Airbus, German research center DLR, Rolls-Royce, and sustainable aviation fuel (SAF) producer Neste have launched what they lay claim as the first in-flight emissions study using 100 percent SAF on a widebody commercial passenger aircraft, the companies said Thursday.
Findings from the Emission and Climate Impact of Alternative Fuels (ECLIF) study—to involve tests on the ground and in the air using an Airbus A350-900 aircraft powered by Rolls-Royce Trent XWB engines—will support sustainability efforts already underway at Airbus and Rolls-Royce. Fuel-clearance engine tests, including a first flight to check operational compatibility of using 100 percent SAF with the aircraft’s systems, started at Airbus’s facilities in Toulouse, France, this week. Plans call for flight-emissions tests to start in April and resume in the autumn, using DLR’s Falcon 20E “chase plane” to measure the emissions impact of using SAF. Meanwhile, further ground tests measuring particulate-matter emissions will gauge the environmental effects of SAF use on airport operations.
Both the flight and the ground tests will compare emissions from the use of 100 percent SAF produced with HEFA (hydroprocessed esters and fatty acids) technology against those from fossil kerosene and low-sulfur fossil kerosene.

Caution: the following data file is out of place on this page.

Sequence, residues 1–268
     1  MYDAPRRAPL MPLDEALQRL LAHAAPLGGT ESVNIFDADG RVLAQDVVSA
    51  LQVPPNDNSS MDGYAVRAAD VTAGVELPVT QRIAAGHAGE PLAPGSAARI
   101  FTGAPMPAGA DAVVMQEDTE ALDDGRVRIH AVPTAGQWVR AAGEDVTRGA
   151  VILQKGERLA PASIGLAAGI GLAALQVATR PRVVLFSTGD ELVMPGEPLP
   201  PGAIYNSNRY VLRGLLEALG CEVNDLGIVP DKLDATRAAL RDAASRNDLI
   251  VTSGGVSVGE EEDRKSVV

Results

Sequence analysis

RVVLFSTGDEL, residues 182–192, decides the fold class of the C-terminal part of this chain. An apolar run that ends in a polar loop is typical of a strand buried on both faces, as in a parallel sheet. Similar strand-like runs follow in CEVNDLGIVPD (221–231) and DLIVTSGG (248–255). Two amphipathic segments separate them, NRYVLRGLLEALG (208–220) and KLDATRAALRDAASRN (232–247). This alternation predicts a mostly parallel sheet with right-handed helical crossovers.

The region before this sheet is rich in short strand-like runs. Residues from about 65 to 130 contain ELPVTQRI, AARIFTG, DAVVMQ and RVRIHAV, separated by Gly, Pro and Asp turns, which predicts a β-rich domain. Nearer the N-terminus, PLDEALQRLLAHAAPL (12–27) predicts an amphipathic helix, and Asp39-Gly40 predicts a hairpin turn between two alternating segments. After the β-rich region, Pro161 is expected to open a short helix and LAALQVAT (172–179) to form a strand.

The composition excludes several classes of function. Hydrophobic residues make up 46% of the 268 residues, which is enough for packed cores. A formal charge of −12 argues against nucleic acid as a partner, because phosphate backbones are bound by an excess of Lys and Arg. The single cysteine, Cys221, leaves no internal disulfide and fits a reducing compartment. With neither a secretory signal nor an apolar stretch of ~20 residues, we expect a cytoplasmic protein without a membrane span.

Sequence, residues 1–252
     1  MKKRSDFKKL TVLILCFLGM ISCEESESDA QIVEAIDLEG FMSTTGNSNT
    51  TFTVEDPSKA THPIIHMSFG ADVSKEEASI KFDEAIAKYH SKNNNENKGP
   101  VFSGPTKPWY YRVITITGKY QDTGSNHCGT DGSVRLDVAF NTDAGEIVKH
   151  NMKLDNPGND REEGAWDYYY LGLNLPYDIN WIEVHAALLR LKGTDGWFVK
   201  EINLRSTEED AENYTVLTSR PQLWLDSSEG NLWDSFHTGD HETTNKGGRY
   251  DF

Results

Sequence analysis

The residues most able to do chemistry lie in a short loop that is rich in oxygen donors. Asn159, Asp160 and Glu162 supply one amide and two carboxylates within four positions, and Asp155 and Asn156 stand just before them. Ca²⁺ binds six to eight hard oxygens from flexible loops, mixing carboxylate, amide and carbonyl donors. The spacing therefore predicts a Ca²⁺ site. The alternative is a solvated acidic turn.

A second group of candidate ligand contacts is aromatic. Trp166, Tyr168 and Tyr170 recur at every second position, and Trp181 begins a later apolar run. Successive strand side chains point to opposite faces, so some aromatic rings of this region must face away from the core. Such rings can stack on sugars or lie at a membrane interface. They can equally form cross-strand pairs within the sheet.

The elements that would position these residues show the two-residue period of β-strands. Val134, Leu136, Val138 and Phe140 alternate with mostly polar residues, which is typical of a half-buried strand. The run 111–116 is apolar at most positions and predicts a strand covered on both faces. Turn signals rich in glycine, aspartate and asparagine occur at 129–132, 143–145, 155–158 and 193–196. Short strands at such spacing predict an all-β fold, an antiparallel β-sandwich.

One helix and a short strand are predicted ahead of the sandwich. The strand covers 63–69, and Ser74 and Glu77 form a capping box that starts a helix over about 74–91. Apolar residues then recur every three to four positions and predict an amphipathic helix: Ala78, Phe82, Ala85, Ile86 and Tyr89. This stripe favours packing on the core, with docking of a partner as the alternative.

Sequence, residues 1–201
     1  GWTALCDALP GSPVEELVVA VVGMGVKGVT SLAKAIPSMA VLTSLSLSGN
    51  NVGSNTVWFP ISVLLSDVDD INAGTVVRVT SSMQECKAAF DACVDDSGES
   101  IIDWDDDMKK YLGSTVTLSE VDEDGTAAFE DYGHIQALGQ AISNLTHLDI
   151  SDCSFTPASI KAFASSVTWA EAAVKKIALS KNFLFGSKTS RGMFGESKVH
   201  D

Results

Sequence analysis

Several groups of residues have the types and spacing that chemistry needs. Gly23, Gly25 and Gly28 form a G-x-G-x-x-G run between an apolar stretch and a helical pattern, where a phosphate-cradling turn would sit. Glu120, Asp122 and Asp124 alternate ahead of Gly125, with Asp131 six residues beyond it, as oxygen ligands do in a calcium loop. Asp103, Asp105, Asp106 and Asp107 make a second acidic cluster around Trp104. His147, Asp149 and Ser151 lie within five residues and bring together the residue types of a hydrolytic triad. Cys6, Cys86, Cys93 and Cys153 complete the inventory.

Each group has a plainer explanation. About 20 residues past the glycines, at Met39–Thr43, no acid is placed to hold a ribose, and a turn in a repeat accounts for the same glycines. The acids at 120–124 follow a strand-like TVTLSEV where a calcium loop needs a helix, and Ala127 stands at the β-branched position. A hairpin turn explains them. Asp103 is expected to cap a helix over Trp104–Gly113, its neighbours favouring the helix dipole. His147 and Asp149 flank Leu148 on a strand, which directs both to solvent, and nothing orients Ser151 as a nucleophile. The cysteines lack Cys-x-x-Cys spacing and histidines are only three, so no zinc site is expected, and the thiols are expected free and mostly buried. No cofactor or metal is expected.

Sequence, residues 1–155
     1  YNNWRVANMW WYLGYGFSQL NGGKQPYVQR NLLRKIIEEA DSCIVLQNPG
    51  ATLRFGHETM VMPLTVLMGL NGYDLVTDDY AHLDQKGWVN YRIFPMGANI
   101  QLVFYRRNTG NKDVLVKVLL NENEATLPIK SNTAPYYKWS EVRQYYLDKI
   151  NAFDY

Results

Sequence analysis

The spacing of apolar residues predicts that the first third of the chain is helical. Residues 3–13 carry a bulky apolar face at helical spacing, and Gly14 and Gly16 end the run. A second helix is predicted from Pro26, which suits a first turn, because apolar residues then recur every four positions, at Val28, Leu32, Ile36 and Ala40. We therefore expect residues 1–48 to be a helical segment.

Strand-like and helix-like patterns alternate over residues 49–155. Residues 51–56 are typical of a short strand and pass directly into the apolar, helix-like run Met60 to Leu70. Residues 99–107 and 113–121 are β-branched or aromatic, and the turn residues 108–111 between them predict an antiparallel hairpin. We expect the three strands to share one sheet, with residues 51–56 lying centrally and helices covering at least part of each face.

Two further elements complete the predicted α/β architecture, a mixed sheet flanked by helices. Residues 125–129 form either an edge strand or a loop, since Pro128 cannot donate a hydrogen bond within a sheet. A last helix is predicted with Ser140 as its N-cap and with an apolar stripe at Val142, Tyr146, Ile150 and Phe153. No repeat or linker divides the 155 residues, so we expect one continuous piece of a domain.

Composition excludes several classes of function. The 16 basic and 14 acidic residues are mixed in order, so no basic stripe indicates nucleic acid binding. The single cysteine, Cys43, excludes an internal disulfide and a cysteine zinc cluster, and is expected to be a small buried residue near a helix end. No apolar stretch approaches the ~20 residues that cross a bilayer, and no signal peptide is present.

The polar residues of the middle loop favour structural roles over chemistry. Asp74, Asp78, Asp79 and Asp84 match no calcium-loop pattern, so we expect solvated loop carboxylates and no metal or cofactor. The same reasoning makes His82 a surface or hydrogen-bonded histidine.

Neste will provide the SAF while the UK’s University of Manchester and the National Research Council of Canada provide further measurement and analysis of particulate-matter emissions during the ground testing.
“SAF is a vital part of Airbus's ambition to decarbonize the aviation industry and we are working closely with a number of partners to ensure a sustainable future for air travel,” said Airbus new energy program manager Steven Le Moing. “Aircraft can currently only operate using a maximum 50 percent blend of SAF and fossil kerosene; this exciting collaboration will not only provide insight into how gas-turbine engines function using 100 percent SAF with a view to certification but identify the potential emissions reductions and environmental benefits of using such fuels in flight on a commercial aircraft too."
Neste vice president for renewable aviation in Europe Jonathan Wood noted that independent analysis has already shown that Neste SAF could deliver up to an 80 percent reduction in greenhouse gasses compared with fossil fuel.
According to DLR’s ECLIF project manager, Patrick Le Clercq, previous research campaigns have demonstrated a soot-reduction potential of between 30 and 50 percent. The partners hope this study shows an even greater potential. “By investigating 100 percent SAF, we are taking our research on fuel design and aviation climate impact to a new level,” he said. “DLR has already conducted extensive research on analytics and modeling as well as performing ground and flight tests using alternative fuels with the Airbus A320 ATRA research aircraft in 2015 and in 2018 together with NASA.”